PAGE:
5 On Your Side

Auto insurers request stronger underride regulations

Posted March 1, 2011 6:04 p.m. EST
Updated March 1, 2011 6:36 p.m. EST

The National Traffic Highway Safety Administration estimates that 423 people die each year and 5,000 are injured in underride accidents – when a car rear-ends a tractor-trailer and is crushed by the impact.

A long piece of steel at the back of trucks called an underride guard is supposed to keep that from happening. Often they don’t work, according to the Insurance Institute for Highway Safety, a non profit organization of auto insurers that’s pushing for stronger regulation.

Researchers performed crash tests with cars that get top safety ratings. Testers found at speeds of just 35 mph, underride guards can fail.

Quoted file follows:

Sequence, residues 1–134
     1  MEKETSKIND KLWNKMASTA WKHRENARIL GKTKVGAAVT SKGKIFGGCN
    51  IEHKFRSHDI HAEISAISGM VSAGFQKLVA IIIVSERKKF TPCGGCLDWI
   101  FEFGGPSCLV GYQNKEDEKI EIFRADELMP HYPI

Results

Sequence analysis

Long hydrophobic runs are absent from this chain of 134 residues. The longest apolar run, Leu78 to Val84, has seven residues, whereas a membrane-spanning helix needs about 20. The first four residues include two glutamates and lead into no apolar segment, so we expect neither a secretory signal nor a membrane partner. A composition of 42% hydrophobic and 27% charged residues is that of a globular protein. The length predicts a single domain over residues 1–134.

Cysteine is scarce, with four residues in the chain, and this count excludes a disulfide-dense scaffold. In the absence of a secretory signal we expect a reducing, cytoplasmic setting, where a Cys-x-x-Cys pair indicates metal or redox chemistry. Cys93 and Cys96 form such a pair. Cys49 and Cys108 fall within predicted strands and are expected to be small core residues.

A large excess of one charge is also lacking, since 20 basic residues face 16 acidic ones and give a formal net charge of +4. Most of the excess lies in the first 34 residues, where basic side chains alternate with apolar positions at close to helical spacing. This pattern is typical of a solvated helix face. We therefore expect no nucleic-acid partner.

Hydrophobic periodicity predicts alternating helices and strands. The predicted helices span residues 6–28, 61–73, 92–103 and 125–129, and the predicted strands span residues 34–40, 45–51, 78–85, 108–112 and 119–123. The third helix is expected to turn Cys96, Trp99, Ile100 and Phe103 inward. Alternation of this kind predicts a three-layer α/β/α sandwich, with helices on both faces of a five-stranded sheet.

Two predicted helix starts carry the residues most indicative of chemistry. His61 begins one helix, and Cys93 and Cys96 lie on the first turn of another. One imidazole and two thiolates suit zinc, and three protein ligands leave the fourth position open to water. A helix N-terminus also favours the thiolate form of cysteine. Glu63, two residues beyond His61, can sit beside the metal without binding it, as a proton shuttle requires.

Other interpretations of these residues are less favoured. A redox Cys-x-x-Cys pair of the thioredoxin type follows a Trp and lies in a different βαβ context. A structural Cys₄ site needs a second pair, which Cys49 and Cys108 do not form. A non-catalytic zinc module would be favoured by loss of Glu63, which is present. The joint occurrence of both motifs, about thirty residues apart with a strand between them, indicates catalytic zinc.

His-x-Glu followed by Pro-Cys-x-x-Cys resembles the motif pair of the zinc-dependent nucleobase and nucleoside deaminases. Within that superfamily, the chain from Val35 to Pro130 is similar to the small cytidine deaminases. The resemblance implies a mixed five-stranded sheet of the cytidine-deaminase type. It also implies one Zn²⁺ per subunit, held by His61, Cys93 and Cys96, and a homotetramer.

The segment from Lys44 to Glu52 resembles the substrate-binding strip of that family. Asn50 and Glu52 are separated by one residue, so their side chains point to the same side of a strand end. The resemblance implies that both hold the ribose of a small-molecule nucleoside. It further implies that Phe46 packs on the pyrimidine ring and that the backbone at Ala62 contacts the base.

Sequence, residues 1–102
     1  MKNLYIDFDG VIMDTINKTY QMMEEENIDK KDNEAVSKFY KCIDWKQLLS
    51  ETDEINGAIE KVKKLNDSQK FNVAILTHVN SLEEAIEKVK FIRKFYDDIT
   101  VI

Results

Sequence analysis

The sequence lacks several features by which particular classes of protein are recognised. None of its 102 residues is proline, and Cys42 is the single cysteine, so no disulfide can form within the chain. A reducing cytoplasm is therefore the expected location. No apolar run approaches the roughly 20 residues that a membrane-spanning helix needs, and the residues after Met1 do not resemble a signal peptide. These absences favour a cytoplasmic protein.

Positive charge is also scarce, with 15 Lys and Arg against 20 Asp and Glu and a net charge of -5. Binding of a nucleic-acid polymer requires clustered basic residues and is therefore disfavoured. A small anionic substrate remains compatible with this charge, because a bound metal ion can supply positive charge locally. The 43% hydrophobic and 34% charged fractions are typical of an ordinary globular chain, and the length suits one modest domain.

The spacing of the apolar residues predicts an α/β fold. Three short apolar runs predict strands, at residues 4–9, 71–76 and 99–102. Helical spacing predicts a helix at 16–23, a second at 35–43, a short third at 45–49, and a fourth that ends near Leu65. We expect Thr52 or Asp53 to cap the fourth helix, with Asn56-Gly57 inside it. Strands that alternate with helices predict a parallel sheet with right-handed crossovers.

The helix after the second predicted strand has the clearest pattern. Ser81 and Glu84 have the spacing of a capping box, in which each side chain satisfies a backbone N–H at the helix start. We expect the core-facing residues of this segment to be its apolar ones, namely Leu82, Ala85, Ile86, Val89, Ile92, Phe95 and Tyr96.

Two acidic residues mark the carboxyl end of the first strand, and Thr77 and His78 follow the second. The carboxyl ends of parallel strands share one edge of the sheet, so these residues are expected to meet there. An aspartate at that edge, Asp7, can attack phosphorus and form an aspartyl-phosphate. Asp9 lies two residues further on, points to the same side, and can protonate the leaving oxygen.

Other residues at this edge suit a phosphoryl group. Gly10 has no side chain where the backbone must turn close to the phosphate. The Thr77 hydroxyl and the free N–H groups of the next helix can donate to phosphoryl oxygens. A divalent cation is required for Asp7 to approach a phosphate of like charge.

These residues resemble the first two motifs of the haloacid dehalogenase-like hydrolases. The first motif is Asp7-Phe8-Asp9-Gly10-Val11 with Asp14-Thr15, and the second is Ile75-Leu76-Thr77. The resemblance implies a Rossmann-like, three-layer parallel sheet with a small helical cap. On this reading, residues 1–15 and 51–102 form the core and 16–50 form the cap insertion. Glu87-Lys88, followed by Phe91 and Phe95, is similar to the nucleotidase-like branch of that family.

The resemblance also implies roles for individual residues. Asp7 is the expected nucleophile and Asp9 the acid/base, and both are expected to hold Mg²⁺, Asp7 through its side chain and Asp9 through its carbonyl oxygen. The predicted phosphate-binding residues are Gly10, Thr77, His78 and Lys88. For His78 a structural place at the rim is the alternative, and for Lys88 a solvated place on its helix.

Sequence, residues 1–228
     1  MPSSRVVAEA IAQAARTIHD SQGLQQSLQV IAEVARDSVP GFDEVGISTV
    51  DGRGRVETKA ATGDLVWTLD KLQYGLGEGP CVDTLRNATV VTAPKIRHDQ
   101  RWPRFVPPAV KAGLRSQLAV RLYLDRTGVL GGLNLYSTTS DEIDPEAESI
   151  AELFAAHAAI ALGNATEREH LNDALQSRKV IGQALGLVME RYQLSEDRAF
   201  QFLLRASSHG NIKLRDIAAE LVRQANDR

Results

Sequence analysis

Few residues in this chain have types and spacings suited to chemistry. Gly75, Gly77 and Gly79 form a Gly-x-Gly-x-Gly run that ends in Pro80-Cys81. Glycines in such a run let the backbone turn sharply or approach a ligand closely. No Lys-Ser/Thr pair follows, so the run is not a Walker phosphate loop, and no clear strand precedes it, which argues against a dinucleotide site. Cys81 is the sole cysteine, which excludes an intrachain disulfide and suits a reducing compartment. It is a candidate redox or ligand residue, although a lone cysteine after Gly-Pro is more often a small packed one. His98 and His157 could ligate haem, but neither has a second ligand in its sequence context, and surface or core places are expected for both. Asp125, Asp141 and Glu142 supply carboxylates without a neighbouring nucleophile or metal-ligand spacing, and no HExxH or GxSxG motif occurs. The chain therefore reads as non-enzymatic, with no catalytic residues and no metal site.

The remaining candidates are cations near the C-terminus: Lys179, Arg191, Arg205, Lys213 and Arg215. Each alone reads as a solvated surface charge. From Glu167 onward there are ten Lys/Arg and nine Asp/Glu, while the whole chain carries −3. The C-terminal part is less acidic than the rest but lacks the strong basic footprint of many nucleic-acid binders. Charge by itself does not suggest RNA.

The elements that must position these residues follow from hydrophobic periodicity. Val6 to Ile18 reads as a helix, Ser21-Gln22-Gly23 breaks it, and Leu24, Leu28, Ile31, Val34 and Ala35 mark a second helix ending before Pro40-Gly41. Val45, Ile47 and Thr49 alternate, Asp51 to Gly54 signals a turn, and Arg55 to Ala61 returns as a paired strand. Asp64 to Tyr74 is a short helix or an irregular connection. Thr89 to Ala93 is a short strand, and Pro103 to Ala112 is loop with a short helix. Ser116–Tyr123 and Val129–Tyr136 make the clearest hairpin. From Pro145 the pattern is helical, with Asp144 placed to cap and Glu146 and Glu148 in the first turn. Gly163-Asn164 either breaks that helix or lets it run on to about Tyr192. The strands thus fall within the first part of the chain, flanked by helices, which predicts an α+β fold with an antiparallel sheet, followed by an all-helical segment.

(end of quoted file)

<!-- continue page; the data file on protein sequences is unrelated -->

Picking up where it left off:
IIHS President Adrian Lund said because of advances in safety technology, hitting a brick wall in a car would actually be safer.

"When you hit a large truck that protection is bypassed. We're talking about occupants actually making direct contact with the back of the trucks with their heads," Lund said.

Roy Crawford’s 16-year-old son Guy died in an underride accident in 1994. It was dark, and the truck had no rear reflectors and no underride guard.

“The child I lost was my favorite person in the world. It's not something you get over," Crawford said. “It's terribly sad every time it happens because it's completely avoidable."

The trucking industry agrees with IIHS that it's time to do something.

“There's clearly a step that probably needs to be taken," said President and CEO of American Trucking Associations Bill Graves.

Graves added, "What the federal government thought was adequate a number of years ago when these specifications were developed is probably not adequate today."

NHTSA said it is aware of the problem. However the agency is not making any commitments to developing new regulations any time soon.